Sixty-eight years ago on 27th July, the Korean War Armistice was signed, marking the end of a three year conflict. Of the more than 17,000 Australians who fought, some 340 lost their lives to defend South Korea, over 1,216 were wounded and 29 became prisoners of war.
Minister for Veterans’ Affairs and Minister for Defence Personnel Andrew Gee said during the war, Australian Defence Forces served as part of a multi-nation force with the United Nations Command.
“Australia was still recovering from losses suffered during the Second World War when the Korean People’s Army launched an offensive into South Korea, capturing Seoul within a week,” Minister Gee said.
“In June 1950, Prime Minister Robert Menzies committed ships of the Royal Australian Navy to a conflict that would see 21 nations join together to defend South Korea.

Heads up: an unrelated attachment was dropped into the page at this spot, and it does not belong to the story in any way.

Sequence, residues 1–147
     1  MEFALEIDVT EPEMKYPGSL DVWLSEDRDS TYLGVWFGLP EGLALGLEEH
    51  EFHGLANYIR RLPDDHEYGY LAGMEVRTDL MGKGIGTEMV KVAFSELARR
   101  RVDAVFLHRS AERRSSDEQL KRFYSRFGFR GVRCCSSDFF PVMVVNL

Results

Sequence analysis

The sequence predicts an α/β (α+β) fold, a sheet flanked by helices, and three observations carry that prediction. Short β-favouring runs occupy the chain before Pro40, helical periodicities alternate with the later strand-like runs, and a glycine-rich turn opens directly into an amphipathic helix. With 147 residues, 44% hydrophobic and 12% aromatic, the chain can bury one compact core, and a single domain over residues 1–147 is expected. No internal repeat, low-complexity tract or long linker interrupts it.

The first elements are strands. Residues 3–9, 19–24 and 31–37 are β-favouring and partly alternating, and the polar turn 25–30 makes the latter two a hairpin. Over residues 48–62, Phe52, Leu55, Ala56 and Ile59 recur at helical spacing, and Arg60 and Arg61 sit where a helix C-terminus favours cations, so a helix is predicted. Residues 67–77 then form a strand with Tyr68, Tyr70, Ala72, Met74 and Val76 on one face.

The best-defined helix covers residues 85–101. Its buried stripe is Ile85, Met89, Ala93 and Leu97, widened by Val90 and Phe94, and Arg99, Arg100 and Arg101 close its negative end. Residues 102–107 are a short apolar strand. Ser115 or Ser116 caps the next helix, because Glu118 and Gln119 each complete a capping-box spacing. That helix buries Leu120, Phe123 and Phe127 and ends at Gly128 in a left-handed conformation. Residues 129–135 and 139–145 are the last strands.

“Units from the Australian Army and the Royal Australian Air Force joined shortly thereafter and our Forces fought courageously defending the freedom of South Korea, despite the harsh climatic conditions and hazardous terrain on the peninsula.
“At places like Kapyong, Maryang San and many others, Australians served with distinction and made an invaluable contribution to the UN forces’ efforts to keep South Korea free.
“Some 340 Australians lost their lives, 29 Australians were taken prisoner and 1,216 Australians were wounded.
“On Korean Veterans’ Day, we pause to remember the men and women who served and sacrificed for Australia in that conflict,” Minister Gee said.
The agreement for an Armistice was reached on 19 July 1953 between the UN Command and North Korea.
The Armistice was signed at 10am on 27 July 1953 and came into effect 12 hours later. Sporadic fighting continued throughout the day but with evening’s fall came silence.
“We should also give thanks to the Australian Defence personnel who served in Korea up until 1957 as part of a multinational peacekeeping force in the post-armistice period.”